SAVANNAH, Ga. (WSAV) – For the many women (and men as well) who are missing a trip to the hair salon, Governor Brian Kemp’s order to reopen the state does include barbers and salons. That’s despite the fact it is a business where close contact is necessary.
Kemp’s order goes into effect tomorrow. However, Rob Horton who owns Rob’s at Drayton Tower says he will not open until at least May 5. He says he needs time to establish all the safety protocols now being required by the state and also to buy a supply of masks, gloves and even some infrared thermometers. And he is having some trouble getting everything.
“So, I got on eBay, Amazon and a couple of other sites,” Horton told me. “Those thermometers are ranging in the $250 dollar range but normally it be about $45 to $50. And this mask I bought for $10 at a local pharmacy.”
He says all staff and customers must wear a mask. Customers will have temperatures taken before entering but will not be allowed to sit and wait and read a magazine for example. As a matter of face, he says they have to throw all their magazines away. He also says customers will have to pay directly to their stylist and not at the front desk.
Establishing the safety protocols is taking time and Horton says he has no plans to open Friday and he’s not aware of many, if any salons that are opening at that time. He remains very concerned about the number of cases of coronavirus.
“If something happens to someone we can’t replace people and yesterday was the highest number of COVIID test positive rates in the state so it is puzzling for me to go back to work knowing that., Horton said. “We we were going to go back on Tuesday and then I had a Zoom meeting with my staff this morning and we decided to go back on the fifth (May 5) because data changes that quickly and that’s a huge factor in my decision making and in a lot of businesses.”
He is proceeding to try to open within two weeks but would like to see more testing. “We are in such close contact with our clients and staff that I don’t want to be the factor that determines if the rest of the nation goes back ,” he told us “I think that we should gather more data and see what happens and then we;ll follow suit I think that we should gather more data and see what happens and then we’ll follow suit,” he said. “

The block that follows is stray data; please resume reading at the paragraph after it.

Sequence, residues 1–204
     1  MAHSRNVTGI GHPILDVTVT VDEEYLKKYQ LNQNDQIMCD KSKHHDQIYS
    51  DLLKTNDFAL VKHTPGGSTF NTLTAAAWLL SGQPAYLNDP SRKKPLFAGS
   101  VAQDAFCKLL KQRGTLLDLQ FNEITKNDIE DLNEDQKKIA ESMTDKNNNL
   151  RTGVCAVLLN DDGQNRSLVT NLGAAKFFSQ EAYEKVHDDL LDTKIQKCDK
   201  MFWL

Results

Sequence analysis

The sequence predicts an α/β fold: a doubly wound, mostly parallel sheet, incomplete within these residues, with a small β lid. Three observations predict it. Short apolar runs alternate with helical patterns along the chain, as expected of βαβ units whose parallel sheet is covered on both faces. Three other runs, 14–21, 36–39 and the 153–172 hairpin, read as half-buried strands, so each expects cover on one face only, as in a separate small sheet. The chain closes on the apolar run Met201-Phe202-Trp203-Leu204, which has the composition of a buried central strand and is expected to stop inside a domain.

Horton may have been luckier than many business owners in the sense that he says he dd get funding through the Paycheck Protection Program along with some financing from SBA. Yet he says when they can reopen, finances will be an issue for him as an owner and for individual stylists.
“On a regular day we would have nine stylists and everybody would be working but now because of social distancing requirements, we will have to stagger stylists.”
He says stylists will work four hour shifts which means they can serve fewer customers in that shorter shift. “We are looking at removing at least 50 percent of everyone’s income at least for awhile.”
Horton’s business as well as others included in the reopen order (like a restaurant) rely on regular clients. Those customers become familiar to staff and in a lot of cases, become friends. Now how these businesses are able to operate in a safe way is going to have to change.
“I have said a million times that sometimes this appointment is the closest contact that my client will have with another human for 30 days and so how do we resolve that? How do you practice social distancing and still have a good customer and a good salon experience? There is a direct relationship that is being removed from this process and that is sad to watch,” said Horton.
Like others, Horton says he is navigating business waters he would never have conceived or and would certainly never have chosen.
“We are glad to reopen but we’re going to do it on a timeline that’s healthy for us and for Savannah,” he told us.